- 2019 Cloud Computing Security Workshop (CCSW) (website)
- 5th Workshop on Theory and Practice of Differential Privacy (TPDP) (website)
- Theory of Implementation Security Workshop (TIS) (website)
- 6th ACM Workshop on Moving Target Defense (MTD) (website)
- 7th Workshop on Encrypted Computing & Applied Homomorphic Cryptography (WAHC) (website)
- 18th Workshop on Privacy in the Electronic Society (WPES) (website)
- 5th ACM Workshop on Cyber-Physical Systems Security & Privacy (CPS-SPC) (website)
- 5th Security Standardisation Research Conference (SSR) (website)
- 12th ACM Workshop on Artificial Intelligence and Security (AISec) (website)
- 3rd Workshop on Forming an Ecosystem Around Software Transformation (FEAST) (website)
- Privacy Preserving Machine Learning (PPML) (website)
- 3rd Software Protection Workshop (SPRO) (website)
- 2nd Workshop on the Internet of Things Security and Privacy (IoT S&P) (website)
- 3rd Attacks and Solutions in Hardware Security Workshop (ASHES) (website)
- 14th ACM SIGSAC Workshop on Programming Languages and Analysis for Security (PLAS) (website)
- 1st Workshop on Cyber-Security Arms Race (CYSARM) (website)
2019 Cloud Computing Security Workshop (CCSW) (website)
CCSW is the world’s premier forum bringing together researchers and practitioners in all security aspects of cloud-centric and outsourced computing, including secure cloud resource virtualization mechanisms, secure data management outsourcing practical privacy and integrity mechanisms for outsourcing, foundations of cloud-centric threat models, secure computation outsourcing, remote attestation mechanisms in clouds, sandboxing and VM-based enforcements, trust and policy management in clouds, secure identity management mechanisms, new cloud-aware web service security paradigms and mechanisms, cloud-centric regulatory compliance issues and mechanisms, business and security risk models and clouds, cost and usability models and their interaction with security in clouds, scalability of security in global-size clouds, trusted computing technology and clouds, binary analysis of software for remote attestation and cloud protection, network security (DOS, IDS etc.) mechanisms for cloud contexts, security for emerging cloud programming models etc. We would like to especially encourage novel paradigms and controversial ideas that are not on the above list. The workshop has historically acted as a fertile ground for creative debate and interaction in security-sensitive areas of computing impacted by clouds.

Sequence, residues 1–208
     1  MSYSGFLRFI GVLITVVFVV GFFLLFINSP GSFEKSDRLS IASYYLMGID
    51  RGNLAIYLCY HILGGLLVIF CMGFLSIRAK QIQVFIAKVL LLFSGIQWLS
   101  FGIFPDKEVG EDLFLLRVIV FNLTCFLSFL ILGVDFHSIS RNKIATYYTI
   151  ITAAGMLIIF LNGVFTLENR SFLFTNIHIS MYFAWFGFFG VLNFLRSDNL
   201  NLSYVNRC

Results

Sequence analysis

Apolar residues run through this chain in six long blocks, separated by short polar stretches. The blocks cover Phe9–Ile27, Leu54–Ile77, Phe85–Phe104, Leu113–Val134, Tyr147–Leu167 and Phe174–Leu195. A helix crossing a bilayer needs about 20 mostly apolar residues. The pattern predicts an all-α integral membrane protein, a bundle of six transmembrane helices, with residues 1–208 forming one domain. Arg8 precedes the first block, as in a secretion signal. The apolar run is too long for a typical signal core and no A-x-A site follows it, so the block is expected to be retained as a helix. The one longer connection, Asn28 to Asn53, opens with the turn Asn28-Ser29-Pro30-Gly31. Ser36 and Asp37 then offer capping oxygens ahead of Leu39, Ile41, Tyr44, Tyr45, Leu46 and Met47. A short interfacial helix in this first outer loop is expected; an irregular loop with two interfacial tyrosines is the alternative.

5th Workshop on Theory and Practice of Differential Privacy (TPDP) (website)
Differential privacy is a promising approach to privacy-preserving data analysis. Differential privacy provides strong worst-case guarantees about the harm that a user could suffer from participating in a differentially private data analysis, but is also flexible enough to allow for a wide variety of data analyses to be performed with a high degree of utility. Having already been the subject of a decade of intense scientific study, it has also now been deployed in products at government agencies such as the U.S. Census Bureau and companies like Apple and Google. Researchers in differential privacy span many distinct research communities, including algorithms, computer security, cryptography, databases, data mining, machine learning, statistics, programming languages, social sciences, and law. This workshop will bring researchers from these communities together to discuss recent developments in both the theory and practice of differential privacy.
Theory of Implementation Security Workshop (TIS) (website)
The traditional application of cryptography is the protection of communication lines. It is usually assumed that both sender and receiver have equipment that is protected by physical means against attacks. In modern applications like payment cards, set-top boxes, DRM protection, etc., this assumption is no longer true. The attacker often has physical access to the device that is executing the cryptographic algorithm, and can measure side channels: execution time, power consumption, electro-magnetic radiation. With the advent of the Internet of Things, the interest in embedded cryptographic systems and physical attacks on these systems is steadily increasing, both in academia and industry. On the other hand, sophisticated security certification and evaluation methods (FIPS, CC, etc.) have been established to give assurance about the security claims by independent evaluation and testing. The drawback is that certification is time consuming, expensive and sometimes the results are not repeatable. There is an emerging need from one side for further developing provably secure protection methods and automated verification tools and from another side improving the efficiency and quality of certification by integrating these tools and methods which will allow assessment of the physical attacks’ resilience of the implementations with low cost and reduced time. All these challenges motivate even more research on the Theory of Implementation Security.